The the f?reign p?licy is the ar?na of

The question about female
and male representation in the field of international relations is a very
controversial issue. International?l r?lations (IR),
has only r?cently m?de a pl?ce for f?male standp?int.  It is import?nt
to ch?nge the w?y in which the f?eld of internation?l relati?ns is
convention?lly construct?d and to r?examine the
traditi?nal boundari?s of the field.

The internati?nal relati?ns field is f?rmed by the m?n`s knowledge
and experience. This means that gender is a determin?nt of p?wer that sh?pes our kn?wledge and
attitude to a certain sphere. Thus, g?nder is a
relation?l conc?pt:
masculin?ty and f?mininity
dep?nd on each other for p?wer relati?ns
construct?on. Manlin?ss has also been ass?ciated with v?olence and the us? of f?rce which are
consider?d to be the c?re characterist?cs of internati?nal relati?ns. In m?st fi?lds of kn?wledge, we have bec?me accust?med to equ?ting what is
hum?n
with what is mascul?ne. Nowh?re is this m?re obvious than in internation?l relati?ns, a discipl?ne that b?ses its assumpt?ons and
explanat?ons alm?st entir?ly on the activiti?s and experienc?s of m?n.

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By
contrast, femin?st IR l?oks
at IR through gender?d l?nses.
F?minists generally def?ne g?nder
as a vari?ble s?cial
constructi?n signify?ng
un?qual power relati?ns. It is true that w?men are
underrepres?nted in all t?p-l?vel positi?ns in the Unit?d Stat?s and in the w?rld in g?neral. Th?y
encount?r additi?nal difficulti?s in positi?ns h?ving to do with
internation?l relati?ns. For
example, th?re
are alm?st no l?gal
restricti?ns in the US on wom?n
yet wom?n compr?se less
th?n 20% of the US Congr?ss (Jacqui 2016).  Historically, the f?reign p?licy is the ar?na of p?licy-mak?ng l?ast appropr?ate for wom?n. Dr?wing attenti?n to g?nder hi?rarchies that
privil?ge
m?n,
it is n?cessary to m?ke the w?men’s experienc?s v?sible to the w?rld.  The society should st?rt to talk
openly about this issue, otherwise, the marginalizati?n of wom?n in matt?rs relat?d to
internation?l relat?ons h?s no chances to change. The postm?dern frame
allows the deconstructi?n of exist?ng g?nder identiti?s in IR. The w?man`s
participati?n in internation?l negotiat?on and oth?r f?rms of d?cision- mak?ng proc?ss may add a
posit?ve
el?ment
of n?wness
to the fi?ld of IR. Ign?ring wom?n’s experienc?s contribut?s not only to
th?ir
exclusi?n but also to a pr?cess of
self-selecti?n that r?sults in an overwhelm?ngly male p?pulation b?th in the f?reign pol?cy world and in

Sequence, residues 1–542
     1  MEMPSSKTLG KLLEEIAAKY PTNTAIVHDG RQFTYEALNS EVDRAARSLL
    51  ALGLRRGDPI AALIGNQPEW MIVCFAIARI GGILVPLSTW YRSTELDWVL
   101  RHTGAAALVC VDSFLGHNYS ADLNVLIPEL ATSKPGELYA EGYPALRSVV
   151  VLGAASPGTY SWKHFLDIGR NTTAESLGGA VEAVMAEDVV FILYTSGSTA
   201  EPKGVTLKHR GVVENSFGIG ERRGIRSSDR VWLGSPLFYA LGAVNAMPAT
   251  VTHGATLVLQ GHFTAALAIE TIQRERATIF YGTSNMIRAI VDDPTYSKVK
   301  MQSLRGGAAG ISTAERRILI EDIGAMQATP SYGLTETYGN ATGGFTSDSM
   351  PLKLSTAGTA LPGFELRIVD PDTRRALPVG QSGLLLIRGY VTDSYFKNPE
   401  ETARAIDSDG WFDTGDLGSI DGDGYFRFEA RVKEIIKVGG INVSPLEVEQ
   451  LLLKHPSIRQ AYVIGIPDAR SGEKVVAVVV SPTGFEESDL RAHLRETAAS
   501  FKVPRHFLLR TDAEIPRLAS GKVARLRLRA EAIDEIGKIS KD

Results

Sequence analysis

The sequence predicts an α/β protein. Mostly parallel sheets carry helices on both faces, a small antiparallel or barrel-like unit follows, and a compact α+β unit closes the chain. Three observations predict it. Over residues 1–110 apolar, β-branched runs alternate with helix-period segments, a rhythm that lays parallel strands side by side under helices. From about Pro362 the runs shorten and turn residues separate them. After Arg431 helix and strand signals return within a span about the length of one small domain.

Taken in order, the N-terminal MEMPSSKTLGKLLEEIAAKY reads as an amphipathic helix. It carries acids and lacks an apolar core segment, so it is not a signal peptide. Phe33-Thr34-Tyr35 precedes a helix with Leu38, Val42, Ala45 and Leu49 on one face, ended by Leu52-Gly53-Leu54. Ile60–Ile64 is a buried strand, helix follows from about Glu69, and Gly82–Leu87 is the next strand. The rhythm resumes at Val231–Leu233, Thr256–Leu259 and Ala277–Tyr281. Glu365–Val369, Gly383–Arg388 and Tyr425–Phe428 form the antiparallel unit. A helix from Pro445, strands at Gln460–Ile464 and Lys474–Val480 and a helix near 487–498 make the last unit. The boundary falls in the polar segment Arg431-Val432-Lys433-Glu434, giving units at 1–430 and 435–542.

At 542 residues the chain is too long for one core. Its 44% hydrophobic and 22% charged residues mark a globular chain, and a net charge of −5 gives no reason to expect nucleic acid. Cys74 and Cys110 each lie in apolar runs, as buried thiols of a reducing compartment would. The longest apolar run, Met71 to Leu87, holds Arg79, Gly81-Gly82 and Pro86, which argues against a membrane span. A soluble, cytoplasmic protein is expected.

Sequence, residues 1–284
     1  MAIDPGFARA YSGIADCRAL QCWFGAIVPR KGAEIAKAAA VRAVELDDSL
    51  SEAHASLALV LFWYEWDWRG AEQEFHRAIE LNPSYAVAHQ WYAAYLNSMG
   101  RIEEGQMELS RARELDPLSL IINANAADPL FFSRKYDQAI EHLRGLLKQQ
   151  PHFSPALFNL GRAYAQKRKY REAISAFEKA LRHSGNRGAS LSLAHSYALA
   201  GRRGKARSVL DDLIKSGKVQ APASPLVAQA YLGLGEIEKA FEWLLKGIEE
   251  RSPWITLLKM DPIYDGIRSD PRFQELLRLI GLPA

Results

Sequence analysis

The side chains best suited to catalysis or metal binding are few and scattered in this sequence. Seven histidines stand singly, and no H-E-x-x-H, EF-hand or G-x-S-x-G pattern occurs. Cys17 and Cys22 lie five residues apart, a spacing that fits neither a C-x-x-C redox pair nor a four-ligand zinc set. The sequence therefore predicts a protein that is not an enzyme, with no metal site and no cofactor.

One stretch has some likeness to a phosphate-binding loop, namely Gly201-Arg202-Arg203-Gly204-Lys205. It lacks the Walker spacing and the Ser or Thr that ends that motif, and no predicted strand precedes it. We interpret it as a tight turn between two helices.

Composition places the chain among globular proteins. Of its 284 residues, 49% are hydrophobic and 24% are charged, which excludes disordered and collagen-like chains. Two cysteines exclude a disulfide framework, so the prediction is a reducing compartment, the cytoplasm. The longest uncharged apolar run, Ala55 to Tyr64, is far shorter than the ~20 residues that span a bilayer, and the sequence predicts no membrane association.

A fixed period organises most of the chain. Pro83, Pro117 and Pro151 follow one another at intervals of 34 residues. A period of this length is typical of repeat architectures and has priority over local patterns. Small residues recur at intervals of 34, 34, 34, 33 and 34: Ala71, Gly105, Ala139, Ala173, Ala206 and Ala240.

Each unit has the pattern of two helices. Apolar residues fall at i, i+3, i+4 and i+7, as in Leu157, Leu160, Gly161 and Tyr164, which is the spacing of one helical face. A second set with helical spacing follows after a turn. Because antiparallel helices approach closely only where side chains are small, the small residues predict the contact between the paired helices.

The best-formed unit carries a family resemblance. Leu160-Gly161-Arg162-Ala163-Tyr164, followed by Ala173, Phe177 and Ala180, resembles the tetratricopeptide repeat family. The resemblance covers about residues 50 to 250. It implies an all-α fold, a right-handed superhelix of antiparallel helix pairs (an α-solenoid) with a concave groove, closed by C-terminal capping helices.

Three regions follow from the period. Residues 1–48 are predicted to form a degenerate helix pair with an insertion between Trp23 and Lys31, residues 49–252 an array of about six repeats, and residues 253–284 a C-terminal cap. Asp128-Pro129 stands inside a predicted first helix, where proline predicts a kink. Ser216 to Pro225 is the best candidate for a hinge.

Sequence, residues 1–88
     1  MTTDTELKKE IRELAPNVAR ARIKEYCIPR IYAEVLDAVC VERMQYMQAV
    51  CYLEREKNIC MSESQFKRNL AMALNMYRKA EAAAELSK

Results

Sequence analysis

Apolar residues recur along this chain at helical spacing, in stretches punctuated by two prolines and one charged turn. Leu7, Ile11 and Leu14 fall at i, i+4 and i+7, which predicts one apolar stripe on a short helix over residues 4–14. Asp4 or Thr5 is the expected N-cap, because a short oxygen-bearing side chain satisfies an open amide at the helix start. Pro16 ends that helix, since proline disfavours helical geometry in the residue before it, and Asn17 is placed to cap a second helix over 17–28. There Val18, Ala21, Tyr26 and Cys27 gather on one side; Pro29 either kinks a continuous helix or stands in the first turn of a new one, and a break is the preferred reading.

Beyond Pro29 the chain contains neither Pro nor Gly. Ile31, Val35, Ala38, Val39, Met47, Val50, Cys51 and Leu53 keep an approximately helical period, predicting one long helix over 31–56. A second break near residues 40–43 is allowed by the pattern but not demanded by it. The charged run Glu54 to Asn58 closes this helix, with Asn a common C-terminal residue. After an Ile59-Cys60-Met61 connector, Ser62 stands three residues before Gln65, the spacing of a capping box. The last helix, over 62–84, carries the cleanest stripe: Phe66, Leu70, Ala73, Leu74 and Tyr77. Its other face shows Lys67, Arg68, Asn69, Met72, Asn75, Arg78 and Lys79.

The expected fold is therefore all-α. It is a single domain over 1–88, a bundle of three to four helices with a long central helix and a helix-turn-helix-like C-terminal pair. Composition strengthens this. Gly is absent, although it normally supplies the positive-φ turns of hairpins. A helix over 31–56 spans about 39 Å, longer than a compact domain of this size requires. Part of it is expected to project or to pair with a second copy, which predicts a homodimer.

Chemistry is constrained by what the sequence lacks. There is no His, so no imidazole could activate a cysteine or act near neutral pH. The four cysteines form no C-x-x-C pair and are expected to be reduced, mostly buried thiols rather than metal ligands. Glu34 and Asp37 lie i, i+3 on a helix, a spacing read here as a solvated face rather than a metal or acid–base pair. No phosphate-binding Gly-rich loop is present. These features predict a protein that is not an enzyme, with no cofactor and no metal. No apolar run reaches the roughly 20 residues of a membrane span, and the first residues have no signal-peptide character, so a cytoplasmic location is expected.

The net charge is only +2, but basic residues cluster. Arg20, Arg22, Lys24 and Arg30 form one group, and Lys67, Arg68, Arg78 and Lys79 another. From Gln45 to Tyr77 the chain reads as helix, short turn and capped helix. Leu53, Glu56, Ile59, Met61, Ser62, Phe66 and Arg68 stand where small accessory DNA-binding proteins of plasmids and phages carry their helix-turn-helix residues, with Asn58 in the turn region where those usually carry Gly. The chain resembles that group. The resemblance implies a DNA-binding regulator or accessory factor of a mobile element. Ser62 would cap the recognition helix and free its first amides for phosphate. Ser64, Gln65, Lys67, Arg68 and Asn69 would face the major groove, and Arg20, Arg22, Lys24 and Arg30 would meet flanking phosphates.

the academ?c field of internati?nal r?lations.

Zalevski, Enloe, and
Tickner fare those sch?lars
who by focus?ng on questi?ns
of gend?r and internati?nal
relati?ns br?ught a c?mmon
commitm?nt to understand?ng
how soc?al relati?ns of
mascul?nity and f?mininity, of g?nder
identiti?s and s?xualities,
of g?nder differ?nce, are implic?ted
in internati?nal polit?cs. In their work,
Zalevski and Enloe (1995) rev?al
the l?ck of attenti?n to b?th w?men
and g?nder relati?ns in the br?ad r?nge
of internation?l polit?cs
from d?ily liv?d experi?nce
to internati?nal instituti?ns. Th?ir w?rk
poses a v?ry simple but crucial question as “wh?re are the
w?men?”
that chall?nge the tak?n-for-grant?d irrelev?nce of w?men in w?rld affa?rs.

Tickn?r (1992), on the other h?nd, examin?s ch?nges
in IR and internati?nal p?litics
at the ?nd of the Cold War fr?m a
femin?st perspect?ve. She cla?ms
that m?n are associ?ted with defend?ng st?te wh?le wom?n h?ld more c?mforting rul?s such as m?thers, teach?rs, or social work?rs. I agree with her core
idea that w?men
are b?ing prot?cted, but h?ve no s?y in
h?w or und?r what conditi?ns
(Tickner 1992).

Many sch?lars h?ve already not?d th?t, giv?n our curr?nt technol?gies of destruct?on and the h?gh d?gree of ec?nomic in?quality and environm?ntal degradati?n that n?w ex?sts, we are desper?tely in n?ed of ch?nges in the way w?rld polit?cs is conduct?d. Since kn?wledge ab?ut the behavi?r of stat?s in the internation?l syst?m d?pends on assumpti?ns that c?me out of m?n’s experienc?s, it ignor?s a l?rge b?dy of hum?n experi?nce c?ming from wom?n. The ch?nges in this situati?n could bring the range of opti?ns and op?n up n?w ways of think?ng.